Shuffled offensive line committed to aiding ASU rushing attack

Arizona State will likely play without sophomore left guard Sam Jones Saturday, and an offensive line that has already struggled to run the ball in recent weeks will be challenged to offset Jones' absence.

As Arizona State's run game continues to struggle with production, a youthful offensive line's quest for improvement grew more challenging after the Sun Devils lost one of their interior anchors.

Sophomore left guard Sam Jones watched practices Tuesday and Wednesday with a boot on his right foot, following an injury on the final play against Colorado. In Jones' absence this week, ASU looked at redshirt freshman tackle Zach Robertson with the first-team offense to examine whether his presence could help the Sun Devils find stability up front.

“Oh, yeah, most definitely,” Robertson said. “I feel like this is my chance to reestablish myself back on the starting group. Just make sure, if anything happens, just give it my all and whatever happens — if I stay on the first team or if I go back — it’s whatever.”

This week, ASU had senior right guard Stephon McCray switch over to the left side, as he’s had experience playing both guard positions during his career. Sophomore right tackle Quinn Bailey kicked inside to right guard into McCray’s spot, while Robertson assumed Bailey's spot at right tackle.

“I feel like we’re prepared,” Thomsen said. “Those guys have had tons of reps. Those guys that we’re talking about have been in our program now for a year and a half, so it’s not like you have a rookie or freshman going out there. That’s just football. Guys get banged up, the next guy’s just got to come. Fortunately, we’ve got guys who have been in our program and know our system, so going out there and the guys who don’t know what they’re doing. I’m excited, if other guys do get an opportunity. I’m excited to see them play.”

If Jones, who is doubtful to play Saturday, doesn't end up suiting up, it will be an even tougher task for the Sun Devils to try and reestablish a ground presence they’ve searched for desperately.

First-year offensive coordinator Chip Lindsey believes ASU is still looking for a perfect combination of linemen to gel together up front, but Lindsey and Thomsen still believe ASU's line is well prepared to handle the loss of Jones heading into a crucial Pac-12 battle.

“Yeah, I think they’ve adjusted pretty well,” Lindsey said. “Fortunately, Chris (Thomsen) has moved some guys around giving them some experience in different spots so we’ve got to continue to find out the best combination I guess is the best way to say it with these guys. We’re still hopeful Sam (Jones) will get back, but at the same time we’ve got to be prepared in case he doesn’t.”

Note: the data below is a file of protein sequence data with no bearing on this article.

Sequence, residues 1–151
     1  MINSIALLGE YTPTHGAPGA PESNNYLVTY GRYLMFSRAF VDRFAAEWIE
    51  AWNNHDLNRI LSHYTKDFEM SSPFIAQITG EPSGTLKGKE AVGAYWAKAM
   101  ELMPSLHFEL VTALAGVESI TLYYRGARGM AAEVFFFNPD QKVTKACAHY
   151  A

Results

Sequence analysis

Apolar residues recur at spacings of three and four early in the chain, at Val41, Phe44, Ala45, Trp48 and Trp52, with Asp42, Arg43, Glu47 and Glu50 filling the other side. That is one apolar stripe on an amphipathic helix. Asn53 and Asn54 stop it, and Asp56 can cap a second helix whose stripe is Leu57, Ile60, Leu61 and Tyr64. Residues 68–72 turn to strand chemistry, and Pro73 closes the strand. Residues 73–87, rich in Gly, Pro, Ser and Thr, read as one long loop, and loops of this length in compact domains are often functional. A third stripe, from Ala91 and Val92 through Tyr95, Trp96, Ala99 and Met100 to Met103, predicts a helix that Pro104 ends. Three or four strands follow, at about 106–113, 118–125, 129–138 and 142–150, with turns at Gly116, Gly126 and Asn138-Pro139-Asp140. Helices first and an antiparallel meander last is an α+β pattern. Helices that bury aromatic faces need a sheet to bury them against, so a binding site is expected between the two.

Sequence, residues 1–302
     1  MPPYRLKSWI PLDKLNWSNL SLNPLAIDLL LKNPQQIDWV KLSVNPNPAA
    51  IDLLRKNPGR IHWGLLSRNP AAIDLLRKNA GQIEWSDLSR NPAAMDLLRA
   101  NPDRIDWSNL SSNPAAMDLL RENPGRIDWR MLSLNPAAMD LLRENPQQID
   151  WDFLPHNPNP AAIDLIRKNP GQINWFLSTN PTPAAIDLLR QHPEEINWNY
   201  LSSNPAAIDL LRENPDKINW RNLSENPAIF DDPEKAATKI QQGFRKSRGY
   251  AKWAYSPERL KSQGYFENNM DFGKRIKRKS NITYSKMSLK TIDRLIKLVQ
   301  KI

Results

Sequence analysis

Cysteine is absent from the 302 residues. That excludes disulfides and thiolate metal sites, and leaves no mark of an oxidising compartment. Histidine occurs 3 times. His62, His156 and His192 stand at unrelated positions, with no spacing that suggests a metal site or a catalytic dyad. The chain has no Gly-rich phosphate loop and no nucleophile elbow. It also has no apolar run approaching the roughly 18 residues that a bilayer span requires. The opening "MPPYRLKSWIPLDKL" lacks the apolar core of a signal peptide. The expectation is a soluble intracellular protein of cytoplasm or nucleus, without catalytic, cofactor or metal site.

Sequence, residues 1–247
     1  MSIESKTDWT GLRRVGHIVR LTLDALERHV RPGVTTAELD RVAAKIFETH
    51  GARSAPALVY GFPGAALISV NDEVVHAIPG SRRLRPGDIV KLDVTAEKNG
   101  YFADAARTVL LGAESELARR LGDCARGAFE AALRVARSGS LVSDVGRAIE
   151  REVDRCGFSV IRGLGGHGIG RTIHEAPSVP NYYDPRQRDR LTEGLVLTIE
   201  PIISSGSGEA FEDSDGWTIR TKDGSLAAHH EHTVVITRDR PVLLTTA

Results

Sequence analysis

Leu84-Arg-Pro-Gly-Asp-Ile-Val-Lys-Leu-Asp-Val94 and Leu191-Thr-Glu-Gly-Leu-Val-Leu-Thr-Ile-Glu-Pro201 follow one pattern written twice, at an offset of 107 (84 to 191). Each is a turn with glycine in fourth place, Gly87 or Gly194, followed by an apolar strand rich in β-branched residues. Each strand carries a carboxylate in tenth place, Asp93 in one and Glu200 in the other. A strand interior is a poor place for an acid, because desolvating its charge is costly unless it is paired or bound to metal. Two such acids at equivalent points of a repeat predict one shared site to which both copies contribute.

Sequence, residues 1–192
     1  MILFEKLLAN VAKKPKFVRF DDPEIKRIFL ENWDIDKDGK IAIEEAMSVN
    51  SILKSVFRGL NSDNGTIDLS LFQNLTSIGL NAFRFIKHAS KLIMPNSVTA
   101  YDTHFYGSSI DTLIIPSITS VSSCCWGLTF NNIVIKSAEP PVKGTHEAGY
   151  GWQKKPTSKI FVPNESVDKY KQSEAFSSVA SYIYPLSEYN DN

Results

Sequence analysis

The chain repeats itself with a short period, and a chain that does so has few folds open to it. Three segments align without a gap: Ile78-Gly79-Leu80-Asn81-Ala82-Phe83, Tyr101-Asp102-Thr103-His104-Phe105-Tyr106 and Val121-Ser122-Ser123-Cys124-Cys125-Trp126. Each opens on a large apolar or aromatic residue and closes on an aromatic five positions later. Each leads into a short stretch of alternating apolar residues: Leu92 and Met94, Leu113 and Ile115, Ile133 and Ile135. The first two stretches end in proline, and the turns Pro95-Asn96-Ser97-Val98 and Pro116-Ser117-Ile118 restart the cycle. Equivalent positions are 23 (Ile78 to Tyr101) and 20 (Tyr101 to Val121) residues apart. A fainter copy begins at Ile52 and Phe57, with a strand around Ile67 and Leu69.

After only registering 199 total yards of offense in ASU’s 40-16 loss, 37 yards of which came on junior running back Demario Richard's lone scamper from ASU's “Sparky” formation, the ground game was limited to 13 yards on 27 carries. Not only that, but the last three weeks, the Sun Devils’ once-dynamic ground attack has been limited to an average of only 68 yards per game against USC, UCLA and Colorado.

Because of injuries at ASU's quarterback position, Pac-12 defenses have continuously stacked the box against the Sun Devils, but senior left tackle Evan Goodman said that is no excuse for the offensive woes of late.

“No, it’s just more blitzes,” Goodman said of what the offensive line has seen from defenses. “Just bringing more people in the box, but that’s no excuse for us to not run the ball. We still have to run the ball efficiently.”

Lindsey, who had ASU’s rushing attack humming for the first month of the season, is creatively looking for ways to try and resurrect the rushing game against Washington State on Saturday.

The Sun Devils’ offensive coordinator points to the early success the Sun Devils had due to their powerful running attack spearheaded by Richard, junior Kalen Ballage and even sophomore quarterback Manny Wilkins in run-pass option reads early on this season. With Wilkins limited, the sputtering rushing attack has had to look for alternative ways to produce yards, and ultimately, points.

“Yeah, it has,” Lindsey said. “We were successful early on, because we were able to run the ball. Looking back, the way we ran it, Manny (Wilkins) made a lot of those plays, but at the same time when he made those plays it allowed us to use our running backs better. Bottom line is we’ve got to continue to work and improve in that area. Running the ball, I think that’s what makes the offense go.”

An area where the Sun Devils have struggled offensively is on first down, which has consistently put them into second and third and long situations, forcing them to be rather one-dimensional.

"I mean it all presents challenges," Lindsey said. "When you can’t run the ball, it’s tough. So, we’ve got to do a better job definitely on first down. Whatever we’re doing, running or throwing, and get ourselves in some good down and distances.”

When analyzing ASU's recent struggles along the offensive line, Thomsen didn't cite one particular issue, but did suggest a need for overall improvement in each phase of blocking.

Whether it be getting to the second level, maintaining blocks or securing running lanes, the Sun Devils’ offense believes it is capable of improving its overall abilities on the ground.

“Just a combination of a lot of things, but bottom line up front we’ve got to do better,” Thomsen said. “We’ve got to do better getting on blocks, staying on blocks, giving our backs a chance to make plays. We just haven’t done that consistently, so at the end of the day that’s on us.”

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